- A photo BJP tweeted shows half of national flag covered by the party flag
- Senior Congress leader Shashi Tharoor raised the issue on Twitter
- India won’t tolerate insult to the national flag, tweeted Youth Congress
A photograph of the tribute ceremony to former Uttar Pradesh Chief Minister Kalyan Singh is rapidly becoming the eye of the storm on social media. Kalyan Singh — the BJP veteran under whose watch the Babri Masjid was demolished — died yesterday at the age of 89.
Earlier today, Prime Minister Narendra Modi had visited Lucknow to pay his respects. Kalyan Singh was a valuable personality and a capable leader who became a “symbol of faith” for the common people, he had said. But later in the day, there was apparently some rearrangement of the bier.
Its photo, tweeted by the BJP, shows Kalyan Singh’s body lying in state, draped by the national flag. But half of it was seen to be covered up by the party flag of the BJP.
Senior Congress leader and party MP Shashi Tharoor took to Twitter to raise the issue. “As one who had to fight a court case for four years merely for placing my hand on my heart during the singing of the National Anthem (rather than standing stiffly to attention), I think the nation should be told how the ruling party feels about this insult:,” he tweeted, while sharing an NDTV report.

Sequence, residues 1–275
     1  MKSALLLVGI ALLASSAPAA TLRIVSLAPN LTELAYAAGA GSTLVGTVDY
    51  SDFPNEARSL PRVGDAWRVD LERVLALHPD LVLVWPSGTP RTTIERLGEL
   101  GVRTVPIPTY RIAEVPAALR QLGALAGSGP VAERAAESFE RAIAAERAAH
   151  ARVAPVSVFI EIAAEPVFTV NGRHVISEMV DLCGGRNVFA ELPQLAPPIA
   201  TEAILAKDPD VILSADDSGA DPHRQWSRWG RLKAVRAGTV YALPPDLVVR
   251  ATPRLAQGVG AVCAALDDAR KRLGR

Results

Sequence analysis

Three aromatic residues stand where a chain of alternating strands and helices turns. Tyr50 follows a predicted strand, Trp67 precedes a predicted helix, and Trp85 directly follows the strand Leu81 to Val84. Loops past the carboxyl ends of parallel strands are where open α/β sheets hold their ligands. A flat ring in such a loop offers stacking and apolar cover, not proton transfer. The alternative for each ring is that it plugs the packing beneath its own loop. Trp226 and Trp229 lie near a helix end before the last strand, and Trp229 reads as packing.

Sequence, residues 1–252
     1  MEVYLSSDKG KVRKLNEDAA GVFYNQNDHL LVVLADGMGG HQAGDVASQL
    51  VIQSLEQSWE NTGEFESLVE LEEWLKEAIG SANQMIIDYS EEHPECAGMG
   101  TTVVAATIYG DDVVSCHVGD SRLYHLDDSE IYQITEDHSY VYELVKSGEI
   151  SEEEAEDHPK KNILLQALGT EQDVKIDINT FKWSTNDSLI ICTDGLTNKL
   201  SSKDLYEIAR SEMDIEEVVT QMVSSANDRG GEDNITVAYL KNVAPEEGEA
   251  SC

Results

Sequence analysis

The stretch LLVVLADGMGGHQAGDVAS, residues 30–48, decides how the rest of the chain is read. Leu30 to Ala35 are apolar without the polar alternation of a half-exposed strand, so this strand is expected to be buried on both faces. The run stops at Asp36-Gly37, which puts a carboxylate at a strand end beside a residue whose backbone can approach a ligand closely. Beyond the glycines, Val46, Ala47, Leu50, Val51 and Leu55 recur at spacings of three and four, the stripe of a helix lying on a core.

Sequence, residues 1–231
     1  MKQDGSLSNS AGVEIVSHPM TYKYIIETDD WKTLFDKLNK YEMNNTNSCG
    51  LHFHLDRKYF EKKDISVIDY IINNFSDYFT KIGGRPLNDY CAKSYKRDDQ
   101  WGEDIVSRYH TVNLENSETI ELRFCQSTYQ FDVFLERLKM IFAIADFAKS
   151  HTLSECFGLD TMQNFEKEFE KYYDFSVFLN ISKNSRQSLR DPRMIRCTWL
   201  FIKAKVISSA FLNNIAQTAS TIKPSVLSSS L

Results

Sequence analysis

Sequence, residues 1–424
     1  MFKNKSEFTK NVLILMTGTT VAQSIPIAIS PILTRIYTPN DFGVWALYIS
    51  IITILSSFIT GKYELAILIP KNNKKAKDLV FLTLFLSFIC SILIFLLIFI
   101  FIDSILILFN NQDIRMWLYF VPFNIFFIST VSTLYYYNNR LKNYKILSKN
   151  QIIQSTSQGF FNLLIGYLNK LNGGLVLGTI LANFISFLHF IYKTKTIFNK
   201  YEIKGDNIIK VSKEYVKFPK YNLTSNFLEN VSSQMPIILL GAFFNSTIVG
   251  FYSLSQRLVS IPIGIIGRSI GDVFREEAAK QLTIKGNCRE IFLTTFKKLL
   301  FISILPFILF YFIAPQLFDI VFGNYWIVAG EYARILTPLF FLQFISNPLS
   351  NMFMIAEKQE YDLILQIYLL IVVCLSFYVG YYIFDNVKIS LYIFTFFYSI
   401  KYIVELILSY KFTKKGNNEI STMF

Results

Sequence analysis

“Is it ok to place party flag over Indian flag in New India?” questioned Srinivas BV, the chief of the Youth Congress.
Is it ok to place party flag
over Indian flag in New India? pic.twitter.com/UTkfsTwUzz
— Srinivas BV (@srinivasiyc) August 22, 2021
“India will not tolerate the insult to the national flag,” the Youth Congress tweeted in Hindi from its official handle.
“Party above the Nation.Flag above the Tricolor. BJP as usual : no regret, no repentance, no sorrow, no grief,” tweeted Samajwadi Party spokesperson Ghanshyam Tiwari.
— Ghanshyam Tiwari (@ghanshyamtiwari) August 22, 2021
Section 2 of the Prevention of Insults to National Honour Act says, “Insults to Indian National Flag and Constitution of India”, says: “Whoever in any public place or in any other place within public view burns, mutilates, defaces, defiles, disfigures, destroys, tramples upon or otherwise shows disrespect to or brings into contempt (whether by words, either spoken or written, or by acts) the Indian National Flag or the Constitution of India or any part thereof, shall be punished with imprisonment for a term which may extend to three years, or with fine, or with both.”
Earlier this year, an instance of disrespect to the flag had taken place at the iconic Red Fort during the farmers’ rally. After the farmers entered the forecourt of the fort, climbed its ramparts, and hoisted a religious flag on a mast outside, the Centre said it would “not tolerate disrespect to the flag”.